There are few parallels in history for the rapid ascent of the Communists in 2004, and their deep plunge into near oblivion in 2009.
In the run-up to Election 2009, I was struck by the number of politically correct chatterati-glitterati who voiced the following: the Left may not be good for the country, but they are the conscience of India. Or that we need someone to speak for the poor of India, and so let’s give the Communists a big hand. How can a party that pays homage to Stalin on a daily basis at its headquarters in Kolkata be considered anything but morally repugnant is a mystery to me. As is the fact that consistently, and throughout history, the Communist parties have erred on the wrong side of patriotism. The latter is a crime in many countries, but some view it as a badge of conscience in India.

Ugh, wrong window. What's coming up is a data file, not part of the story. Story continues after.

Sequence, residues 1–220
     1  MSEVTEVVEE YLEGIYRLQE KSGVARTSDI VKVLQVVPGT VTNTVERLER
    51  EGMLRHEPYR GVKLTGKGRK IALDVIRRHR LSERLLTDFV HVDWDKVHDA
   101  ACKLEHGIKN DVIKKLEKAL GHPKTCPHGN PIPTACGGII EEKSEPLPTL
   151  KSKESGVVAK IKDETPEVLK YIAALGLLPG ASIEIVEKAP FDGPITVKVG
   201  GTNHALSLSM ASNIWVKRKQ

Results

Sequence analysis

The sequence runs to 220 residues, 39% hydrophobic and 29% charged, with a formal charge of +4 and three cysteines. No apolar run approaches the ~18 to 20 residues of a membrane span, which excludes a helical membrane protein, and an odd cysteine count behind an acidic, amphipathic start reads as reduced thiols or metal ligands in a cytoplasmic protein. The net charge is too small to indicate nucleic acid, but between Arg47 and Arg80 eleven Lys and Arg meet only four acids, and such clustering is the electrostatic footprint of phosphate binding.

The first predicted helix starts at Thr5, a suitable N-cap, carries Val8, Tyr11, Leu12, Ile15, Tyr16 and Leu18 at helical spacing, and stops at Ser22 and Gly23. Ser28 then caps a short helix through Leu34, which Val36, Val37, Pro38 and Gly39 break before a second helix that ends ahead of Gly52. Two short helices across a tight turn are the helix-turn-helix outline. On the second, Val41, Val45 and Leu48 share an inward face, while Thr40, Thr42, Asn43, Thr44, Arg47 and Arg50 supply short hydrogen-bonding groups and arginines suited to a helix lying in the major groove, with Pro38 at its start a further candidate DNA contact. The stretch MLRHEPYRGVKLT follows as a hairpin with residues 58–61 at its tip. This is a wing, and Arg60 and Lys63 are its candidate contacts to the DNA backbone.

But that was in the past; the future is as bright as the Northern star. For Election 2009 posted one mega result: the Left is history. There is an unwelcome side-effect of this joyous news—we are not going to have the Left to kick around anymore. The facts documented in the table have all the confirmatory evidence.
But as is common knowledge, the Left is not just the combination of Communists (political parties CPM and CPI). A large element of the Congress party has “beyond leaning” Left elements. So there is a large interest group which will want to paint the magnitude of the Communist loss as “normal”, or par for anti-incumbency (what do you expect after 30 years of rule, etc). Echoing this sentiment, political scientist Atul Kohli writes, “The proclaimed demise of the Left may turn out to be premature. In spite of losing seats, both the CPM and the CPI maintained their relative shares of the popular vote between 2004 and 2009.” (Indian Express, May 19, 2009).
|THE INVERTED V OF COMMUNISM IN INDIA — GAINED IN 52 YEARS, LOST IN 5
Number of Seats
|Notes: Joint refers to the combined share of CPI and CPM.